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Ebony fashion comes to Milwaukee

Photos courtesy of Johnson Publishing Company, LLC

January 2015

For African-Americans living in the Jim Crow-era, gaining access to the world of haute couture would have seemed a distant dream. One only needed to peruse the pages of Vogue magazine to see that high fashion was a luxury reserved for whites ó leaving blacks prodigiously excluded from societyís perception of style and beauty.

Eunice W. Johnson set out to change that. As the wife of Chicago publisher John H. Johnson and an executive at their flagship publications, Ebony and Jet, in the 1950s, Johnson created a traveling runway show and hit the road to bring high style to the African-American middle class.

Traveling by buses loaded down with gowns, accessories and models, the group toured the country and raised millions for charity along the way.

When not on the road, Johnson would trek the world in search of gowns to purchase ó going to fashion houses in New York City, Milan and Paris ó and was repeatedly refused because of her race. Designers worried that showing their work on black models would degrade the appeal of their brands. Johnson would often flip open her checkbook, write a check for $50,000, and astutely educate the designers on the value of the black consumer. Most got the message.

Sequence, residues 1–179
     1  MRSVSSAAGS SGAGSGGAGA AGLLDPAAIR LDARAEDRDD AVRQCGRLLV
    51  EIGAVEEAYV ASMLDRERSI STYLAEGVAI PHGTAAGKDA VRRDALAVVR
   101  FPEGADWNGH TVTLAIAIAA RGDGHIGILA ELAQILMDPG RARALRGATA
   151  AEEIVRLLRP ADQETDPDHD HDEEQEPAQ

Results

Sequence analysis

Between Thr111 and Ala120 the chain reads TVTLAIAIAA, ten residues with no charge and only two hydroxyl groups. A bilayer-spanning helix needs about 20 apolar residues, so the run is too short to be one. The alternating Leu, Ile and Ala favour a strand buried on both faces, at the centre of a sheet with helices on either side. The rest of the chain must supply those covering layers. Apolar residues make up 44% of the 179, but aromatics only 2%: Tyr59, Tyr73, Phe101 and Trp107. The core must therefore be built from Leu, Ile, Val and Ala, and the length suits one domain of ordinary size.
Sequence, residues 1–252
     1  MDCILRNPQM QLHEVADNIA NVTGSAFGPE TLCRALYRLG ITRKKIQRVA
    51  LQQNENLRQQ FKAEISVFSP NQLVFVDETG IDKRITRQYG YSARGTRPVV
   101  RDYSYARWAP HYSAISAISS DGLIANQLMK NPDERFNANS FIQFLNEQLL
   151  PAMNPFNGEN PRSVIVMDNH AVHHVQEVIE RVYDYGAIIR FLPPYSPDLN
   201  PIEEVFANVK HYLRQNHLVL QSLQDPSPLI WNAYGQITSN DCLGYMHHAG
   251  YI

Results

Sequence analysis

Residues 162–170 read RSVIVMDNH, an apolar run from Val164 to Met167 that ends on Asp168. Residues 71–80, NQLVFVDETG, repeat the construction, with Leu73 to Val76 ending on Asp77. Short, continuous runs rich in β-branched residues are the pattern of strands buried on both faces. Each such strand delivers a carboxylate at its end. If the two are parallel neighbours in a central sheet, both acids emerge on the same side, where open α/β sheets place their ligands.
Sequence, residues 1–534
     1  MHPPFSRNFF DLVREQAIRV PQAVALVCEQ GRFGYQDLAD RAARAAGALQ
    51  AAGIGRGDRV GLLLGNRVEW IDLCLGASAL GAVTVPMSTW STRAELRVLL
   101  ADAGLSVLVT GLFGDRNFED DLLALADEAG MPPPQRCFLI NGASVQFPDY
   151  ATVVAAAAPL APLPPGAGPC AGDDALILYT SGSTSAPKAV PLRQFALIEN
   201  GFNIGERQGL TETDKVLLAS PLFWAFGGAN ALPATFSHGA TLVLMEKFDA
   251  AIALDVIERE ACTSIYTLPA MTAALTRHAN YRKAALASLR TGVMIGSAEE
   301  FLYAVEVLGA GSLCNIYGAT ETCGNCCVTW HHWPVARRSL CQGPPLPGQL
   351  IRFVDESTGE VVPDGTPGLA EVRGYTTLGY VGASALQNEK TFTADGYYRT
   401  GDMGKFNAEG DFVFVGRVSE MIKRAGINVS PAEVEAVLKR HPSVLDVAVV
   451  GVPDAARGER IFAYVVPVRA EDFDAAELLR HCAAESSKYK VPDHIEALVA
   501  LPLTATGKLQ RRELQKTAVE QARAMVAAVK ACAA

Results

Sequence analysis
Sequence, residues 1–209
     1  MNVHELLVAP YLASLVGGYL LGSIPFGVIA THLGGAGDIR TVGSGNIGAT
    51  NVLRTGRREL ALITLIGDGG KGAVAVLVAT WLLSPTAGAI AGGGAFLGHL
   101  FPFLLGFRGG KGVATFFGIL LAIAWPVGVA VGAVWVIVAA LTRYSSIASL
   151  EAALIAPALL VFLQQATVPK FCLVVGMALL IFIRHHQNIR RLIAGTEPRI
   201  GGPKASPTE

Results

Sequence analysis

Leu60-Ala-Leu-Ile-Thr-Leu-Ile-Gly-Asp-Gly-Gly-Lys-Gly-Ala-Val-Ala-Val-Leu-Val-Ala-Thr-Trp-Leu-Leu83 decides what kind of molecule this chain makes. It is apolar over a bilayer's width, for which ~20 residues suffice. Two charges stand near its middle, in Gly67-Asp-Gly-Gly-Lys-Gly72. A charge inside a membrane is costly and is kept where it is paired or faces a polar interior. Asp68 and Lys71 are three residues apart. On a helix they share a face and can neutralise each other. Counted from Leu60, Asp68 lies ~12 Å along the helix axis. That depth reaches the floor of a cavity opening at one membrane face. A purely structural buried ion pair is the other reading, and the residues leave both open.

The Ebony Fashion Fair would go on to become the African-American "event of the year" for nearly five decades, attracting thousands of attendees, to catch a glimpse of designs by the likes of Oscar de la Renta, Valentino, Hubert de Givenchy, Bob Mackie and Christian Dior.

Though the show was shuttered in 2009, Milwaukeeans will get a chance to view Johnsonís exclusive collection when "Inspiring Beauty: 50 Years of Ebony Fashion Fair" arrives at the Milwaukee Art Museum this February.

The exhibit will feature the largest collection ever shown to the public, with 67 couture ensembles, ranging from the sophisticated and gorgeous to over-the-top outrageous, on display. In addition to the clothes, visitors will learn how Johnson, the designers and the Fashion Fair models changed the face of African-American beauty for generations to come.

"The history can really be seen throughout this event," says Camille Morgan, an independent curator and arts administrator at Columbia College Chicago and guest curator for MAM. "Itís really multifaceted. Visitors will be able to come through it with their own interests: civil rights, fashion, the (fashion) industry. Fashion is not necessarily the medium that youíre going to learn about something like this."

The theme of the exhibit is "Vision. Innovation. Power," and will be supplemented with oral history, historical excerpts and discussion panels, such as "What Color is Nude?" All of the mannequins in the exhibit will be brown-skinned.

When Ebony was first published, African-American women were still dying their stockings with coffee to match their skin tone and avoiding bold colors in an effort to mute it.

"People would say black women couldnít wear bold colors because it clashed with their skin. Now itís the opposite," says Morgan. "Eunice really brought those ideas forth that didnít really exist before. You never see brown people in this context, in high couture designersí clothes. Itís really emotional."

The exhibit runs Feb. 5 through May 3. For more information, visit



This story ran in the January 2015 issue of: